Latino Immigrants Still Face Post-9/11 Backlash

     (CN) — Backlash against Latino immigrants intensified in the wake of the Sept. 11 terror attacks, as anti-immigration rhetoric intensified in step with growing concerns about terrorism and the perceived lack of border security.
     Long a topic of heated debate, immigration became intertwined with antiterrorism policies and rhetoric that spurred Islamophobia and general fears over “illegal aliens.”
     At the 111th annual meeting of the American Sociological Association, sociologists from the University of Texas at Austin presented a study of government reports and media accounts which the team reviewed to explain how Islamophobia became increasingly used against Latino immigrants in order to attain political support and justify increased surveillance and immigration enforcement.
     “Neither contemporary political rhetoric, nor policy, nor institutional change in regard to immigration and terrorism can be properly understood in isolation without taking into account how these issues are brought together at specific moments,” said co-author Amina Zarrugh. “In fact, the endurance of certain political agendas is made all the more powerful through certain connection with other important agendas, each of which reinforces the other.”
     The team analyzed political rhetoric, non-governmental evaluations and immigration policy, such as citing examples of politicians blaming “porous borders” for “enormous problems,” as well as a commercial that paired images of Latino immigrants crossing the border with photos of terrorists.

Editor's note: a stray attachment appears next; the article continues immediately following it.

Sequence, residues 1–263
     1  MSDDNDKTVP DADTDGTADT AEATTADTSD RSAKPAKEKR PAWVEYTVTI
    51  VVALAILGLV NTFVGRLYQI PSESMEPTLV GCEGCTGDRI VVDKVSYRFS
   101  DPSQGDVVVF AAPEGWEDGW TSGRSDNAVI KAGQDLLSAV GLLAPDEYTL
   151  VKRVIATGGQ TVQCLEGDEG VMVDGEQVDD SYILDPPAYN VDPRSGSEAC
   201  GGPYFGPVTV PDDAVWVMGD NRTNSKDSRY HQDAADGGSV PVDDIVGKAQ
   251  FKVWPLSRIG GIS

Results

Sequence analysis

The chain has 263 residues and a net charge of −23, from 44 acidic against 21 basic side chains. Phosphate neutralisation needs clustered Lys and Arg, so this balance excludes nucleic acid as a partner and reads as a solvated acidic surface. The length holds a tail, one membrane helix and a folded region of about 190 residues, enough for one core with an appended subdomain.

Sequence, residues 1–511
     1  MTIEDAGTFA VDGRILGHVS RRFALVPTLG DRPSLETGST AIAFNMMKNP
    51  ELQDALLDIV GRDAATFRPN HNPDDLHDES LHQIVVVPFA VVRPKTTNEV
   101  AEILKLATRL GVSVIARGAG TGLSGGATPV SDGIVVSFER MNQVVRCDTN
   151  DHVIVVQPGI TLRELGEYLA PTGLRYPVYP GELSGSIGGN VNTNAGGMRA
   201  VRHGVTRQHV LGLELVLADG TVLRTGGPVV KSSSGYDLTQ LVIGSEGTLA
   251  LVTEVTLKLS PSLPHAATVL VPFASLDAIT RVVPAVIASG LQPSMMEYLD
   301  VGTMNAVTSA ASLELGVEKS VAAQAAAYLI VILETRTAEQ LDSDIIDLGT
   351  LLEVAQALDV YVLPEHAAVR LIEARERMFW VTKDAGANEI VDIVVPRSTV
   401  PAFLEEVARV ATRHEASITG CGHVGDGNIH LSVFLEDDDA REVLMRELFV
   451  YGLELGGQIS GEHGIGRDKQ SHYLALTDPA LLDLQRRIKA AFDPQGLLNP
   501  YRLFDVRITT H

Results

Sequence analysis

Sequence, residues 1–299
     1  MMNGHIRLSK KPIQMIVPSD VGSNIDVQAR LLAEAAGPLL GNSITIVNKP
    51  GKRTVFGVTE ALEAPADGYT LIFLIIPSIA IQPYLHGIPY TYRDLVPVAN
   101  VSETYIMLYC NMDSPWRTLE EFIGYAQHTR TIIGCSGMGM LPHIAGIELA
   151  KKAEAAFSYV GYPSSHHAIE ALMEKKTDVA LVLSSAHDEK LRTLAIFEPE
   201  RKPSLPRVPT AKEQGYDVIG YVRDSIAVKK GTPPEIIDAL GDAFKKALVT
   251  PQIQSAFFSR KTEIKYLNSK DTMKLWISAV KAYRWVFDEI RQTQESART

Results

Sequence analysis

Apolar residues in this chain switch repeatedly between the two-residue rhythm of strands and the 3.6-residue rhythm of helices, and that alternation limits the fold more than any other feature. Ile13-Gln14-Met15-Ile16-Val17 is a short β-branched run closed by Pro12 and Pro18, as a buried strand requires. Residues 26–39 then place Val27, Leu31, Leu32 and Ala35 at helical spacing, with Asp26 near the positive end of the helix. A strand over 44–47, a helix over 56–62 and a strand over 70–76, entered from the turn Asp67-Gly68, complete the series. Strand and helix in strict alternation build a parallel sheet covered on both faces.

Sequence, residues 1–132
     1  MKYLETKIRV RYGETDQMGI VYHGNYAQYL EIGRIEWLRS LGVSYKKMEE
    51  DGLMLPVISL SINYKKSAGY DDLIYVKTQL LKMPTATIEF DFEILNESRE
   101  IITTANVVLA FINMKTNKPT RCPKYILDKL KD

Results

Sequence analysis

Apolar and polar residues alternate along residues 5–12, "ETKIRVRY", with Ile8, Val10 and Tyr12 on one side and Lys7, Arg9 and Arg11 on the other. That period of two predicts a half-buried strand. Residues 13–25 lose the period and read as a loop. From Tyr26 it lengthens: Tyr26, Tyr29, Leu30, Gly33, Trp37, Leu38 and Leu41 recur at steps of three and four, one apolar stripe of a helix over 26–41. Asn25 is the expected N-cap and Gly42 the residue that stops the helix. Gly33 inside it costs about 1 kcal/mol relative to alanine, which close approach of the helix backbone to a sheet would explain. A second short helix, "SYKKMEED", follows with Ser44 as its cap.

Additionally, the researchers noted fabricated rumors of a terrorist training ground near Ciudad Juarez, Mexico, across the border from El Paso, Texas.
     As fear of terrorism and unsecured borders increased, rhetoric turned into policy and shifted the creation and approaches of government agencies.
     “Policy began to shape this us-versus-them sentiment in new ways,” Zarrugh said.
     The post-9/11 rhetoric led to new systems of surveillance, including the USA Patriot Act — passed just 45 days after the attacks on the World Trade Center and the Pentagon.
     Deportations also increased significantly, from 189,000 in 2001 to 281,000 by 2006, according to Pew Research. That figure has only continued to rise since: The United States deported roughly 438,000 immigrants in 2013.
     The Patriot Act also made it easier for the government to spy on U.S. citizens by increasing its authority to monitor phone and email communications, track internet activity and collect bank and credit records.
     More than 20 federal agencies were placed under the Department of Homeland Security, including Immigration and Naturalization Services — an example of combining resources to stem undocumented immigration and terrorism simultaneously.
     Study co-author Luis Romero highlighted the political and social climate that enabled the passage of the Patriot Act, the consequences of which would not be fully realized for years.
     “Increased surveillance and security were an easy sell. People were more afraid of threats, real or perceived,” he said. “The call to enforce the U.S.-Mexico border became a rallying point in the push for greater security.”
     And while al-Qaida — not Latino immigrants — was behind the 9/11 attacks, Muslims haven’t been the only ones to come under scrutiny in the 15 years since.
     “The primary goal of the Department of Homeland Security is just that: security,” Zarrugh said. “It was created to prevent future terrorist attacks. And while undue attention was directed toward Muslims as a result, they were not the only ones who came under direct scrutiny.”

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